The ERP discovery phase is essential and should be one of your first activities to assess your business needs and the key motivations to start such a strategically important project.
Do you currently have the right business processes for your organization in place today? Prior to starting an ERP implementation it is absolutely crucial to analyze, define and document your current state of operations, identify where processes intersect across different operational units and pin down inefficiencies. You can’t align software with your processes unless you first know what's included in those processes. This will not only help you figure out trouble spots that your new ERP solution may be able to address, it will also let you identify features that are deal breakers in terms of features you’ll need to keep your operations running smoothly. However allow for adopting the best practices and workflows of the ERP, rather than trying to change the ERP to accommodate your organization’s current processes. If you try to mold the new ERP to your old processes, you may lose the efficiencies built in to the solution, while your organization could get maximum efficiency by adopting the ERP’s integral strategy for operational flow.
Your processes only work in context of your business data. Having a well-defined data conversion strategy in place, while also having a good handle on the data cleansing efforts will benefit your project. You actually could start with the cleanup of the master data such as customer, vendor and product lists to avoid transferring any duplicate or outdated data to the new system. You also can identify standard naming conventions and abbreviations upfront, such as spelling out “Company” versus entering “Co.” Keep in mind that data migration is simply the automation of a process and until you have defined a process, you cannot automate it.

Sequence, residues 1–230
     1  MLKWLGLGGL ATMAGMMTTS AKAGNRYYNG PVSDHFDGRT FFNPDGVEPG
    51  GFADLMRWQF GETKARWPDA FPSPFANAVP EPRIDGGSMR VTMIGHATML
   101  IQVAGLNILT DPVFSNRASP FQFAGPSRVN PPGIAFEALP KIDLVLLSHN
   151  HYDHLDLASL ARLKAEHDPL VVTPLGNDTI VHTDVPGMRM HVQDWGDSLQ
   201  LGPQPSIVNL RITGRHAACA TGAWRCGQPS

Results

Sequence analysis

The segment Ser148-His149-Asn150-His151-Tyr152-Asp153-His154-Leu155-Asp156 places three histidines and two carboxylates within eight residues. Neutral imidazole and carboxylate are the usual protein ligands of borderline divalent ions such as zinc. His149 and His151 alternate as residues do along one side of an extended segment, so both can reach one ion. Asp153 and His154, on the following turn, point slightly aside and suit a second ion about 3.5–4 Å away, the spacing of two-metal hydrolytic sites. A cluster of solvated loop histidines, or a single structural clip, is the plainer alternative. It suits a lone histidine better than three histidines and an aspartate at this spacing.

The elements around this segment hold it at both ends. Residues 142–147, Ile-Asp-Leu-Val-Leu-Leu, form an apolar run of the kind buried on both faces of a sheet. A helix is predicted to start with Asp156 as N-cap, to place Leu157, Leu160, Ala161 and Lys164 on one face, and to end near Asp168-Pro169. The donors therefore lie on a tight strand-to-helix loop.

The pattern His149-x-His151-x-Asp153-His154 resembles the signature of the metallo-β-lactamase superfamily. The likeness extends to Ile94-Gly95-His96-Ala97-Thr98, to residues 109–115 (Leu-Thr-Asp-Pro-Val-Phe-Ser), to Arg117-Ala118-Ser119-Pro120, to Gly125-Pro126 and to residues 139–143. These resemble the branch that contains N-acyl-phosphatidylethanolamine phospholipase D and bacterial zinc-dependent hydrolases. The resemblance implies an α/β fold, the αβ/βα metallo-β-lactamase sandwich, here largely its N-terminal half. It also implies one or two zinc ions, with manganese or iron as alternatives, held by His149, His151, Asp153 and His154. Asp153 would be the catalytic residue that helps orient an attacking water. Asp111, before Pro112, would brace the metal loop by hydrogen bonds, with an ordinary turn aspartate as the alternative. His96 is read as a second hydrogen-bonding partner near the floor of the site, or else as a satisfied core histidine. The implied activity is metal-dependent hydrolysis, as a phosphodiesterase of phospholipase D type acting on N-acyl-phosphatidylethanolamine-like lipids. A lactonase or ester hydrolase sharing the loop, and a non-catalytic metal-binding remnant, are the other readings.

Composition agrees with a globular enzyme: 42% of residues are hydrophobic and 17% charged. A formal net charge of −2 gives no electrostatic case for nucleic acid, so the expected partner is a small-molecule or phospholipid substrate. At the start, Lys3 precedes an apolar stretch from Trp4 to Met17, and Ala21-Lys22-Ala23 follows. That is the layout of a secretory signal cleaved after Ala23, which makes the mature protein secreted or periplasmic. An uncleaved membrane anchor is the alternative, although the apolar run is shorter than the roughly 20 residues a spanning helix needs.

Ask you information technology department to conduct a full review of all customizations, integrations and reports, and further organize the findings by topics in the business process categories. That way you can clarify during the selection process, if certain customization, integrations or reports will be needed in the new ERP, and if so, then you already have your requirements defined. Again, allowing to adopt best practices and workflows of the ERP, rather than trying to change the ERP to accommodate your organization’s current processes may eliminate the need for a customization, integrations or report, at least in case cases.
If you missed part one of this series, take a look here: How to Really Prepare for Your ERP Implementation.